16. Refraction • Refraction = occurs when a wave crosses a boundary from one medium to another. A wave entering a medium at an angle will change direction. GHSGT Science Review—2006

17. Diffraction • Diffraction = refers to the "bending of waves around an edge" of an object. Diffraction depends on the size of the object relative to the wavelength of the wave GHSGT Science Review—2006

18. Nuclear Chemistry • Fission = splitting of the atom; nuclear power, atomic bomb/nuclear warhead • Fusion = joining of two atomic nuclei; sun • Radioactive decay = unstable nucleus breaks down (nuclei of radioisotopes) - alpha decay: nucleus releases alpha particle which is a helium nucleus - beta decay: nucleus releases a beta particle which comes from the breakdown of a neutron • Half-Life = time it takes for ½ of a radioactive sample to decay • 1 half-life = 50% left • 2 half-lives = 25% left • 3 half-lives = 12.5% left…and so on… uncontrolled fission reaction controlled fission reaction GHSGT Science Review—2006

19. Wave Interactions Constructive Interference

20. Wave Interactions Destructive Interference

21. Electricity & Magnetism • Current = measure of the flow of electric energy; unit is amps • AC: alternating current like outlet • DC: direct current like batteries • electromagnet = a strong magnet created when a iron core (nail) is inserted into the center of a current-carrying a solenoid • the movement of charges causes all magnetism • electric motor = a device that converts electrical energy to mechanical energy • in an electric motor, the current in the coil produces a magnetic field that interacts with the magnetic field of the surrounding magnet, causing the coil to continuously turn GHSGT Science Review—2006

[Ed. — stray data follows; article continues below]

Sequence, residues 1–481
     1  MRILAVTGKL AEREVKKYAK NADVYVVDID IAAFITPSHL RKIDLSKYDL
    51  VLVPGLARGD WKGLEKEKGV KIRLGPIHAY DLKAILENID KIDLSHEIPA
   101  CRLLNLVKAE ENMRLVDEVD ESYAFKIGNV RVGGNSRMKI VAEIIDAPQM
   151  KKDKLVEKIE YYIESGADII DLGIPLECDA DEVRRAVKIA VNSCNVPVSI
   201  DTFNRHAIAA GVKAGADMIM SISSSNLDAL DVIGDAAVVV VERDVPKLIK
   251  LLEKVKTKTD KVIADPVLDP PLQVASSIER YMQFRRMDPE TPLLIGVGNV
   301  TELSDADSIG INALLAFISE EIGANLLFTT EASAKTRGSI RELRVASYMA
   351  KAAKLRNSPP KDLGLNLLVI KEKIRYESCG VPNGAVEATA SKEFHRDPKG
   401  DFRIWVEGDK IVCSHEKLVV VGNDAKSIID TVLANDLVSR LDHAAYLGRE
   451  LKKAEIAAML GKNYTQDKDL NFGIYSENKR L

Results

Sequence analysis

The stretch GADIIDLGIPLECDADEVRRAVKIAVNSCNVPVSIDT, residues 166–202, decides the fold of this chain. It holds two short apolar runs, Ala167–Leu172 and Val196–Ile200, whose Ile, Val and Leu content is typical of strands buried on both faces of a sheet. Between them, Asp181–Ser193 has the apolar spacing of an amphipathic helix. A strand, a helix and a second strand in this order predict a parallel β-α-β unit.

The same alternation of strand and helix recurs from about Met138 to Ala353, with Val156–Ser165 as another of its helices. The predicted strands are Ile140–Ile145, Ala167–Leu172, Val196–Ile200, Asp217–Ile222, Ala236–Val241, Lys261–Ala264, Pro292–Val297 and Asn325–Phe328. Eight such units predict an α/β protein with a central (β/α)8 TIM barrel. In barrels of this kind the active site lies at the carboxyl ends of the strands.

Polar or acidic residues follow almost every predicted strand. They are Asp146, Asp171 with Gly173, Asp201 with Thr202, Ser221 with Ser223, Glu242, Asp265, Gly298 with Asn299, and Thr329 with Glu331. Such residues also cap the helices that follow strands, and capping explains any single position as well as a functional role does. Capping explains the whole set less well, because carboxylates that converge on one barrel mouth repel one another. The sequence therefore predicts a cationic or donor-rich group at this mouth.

22. Electricity & Magnetism con’t • electromagnetic induction = the production of a current in a conducting circuit by a change in the strength, position, or orientation of an external magnetic field • when the loop of wire moves into or out of the magnetic field, a current is induced in the wire • generator = a device that uses electromagnetic induction to convert mechanical energy to electrical energy. Remember, an electric motor is a device that converts electrical energy to mechanical energy, so they’re opposite GHSGT Science Review—2006

23. Simple Motor A coil of wire turns in a magnetic field. This causes an electric current to flow in the wire.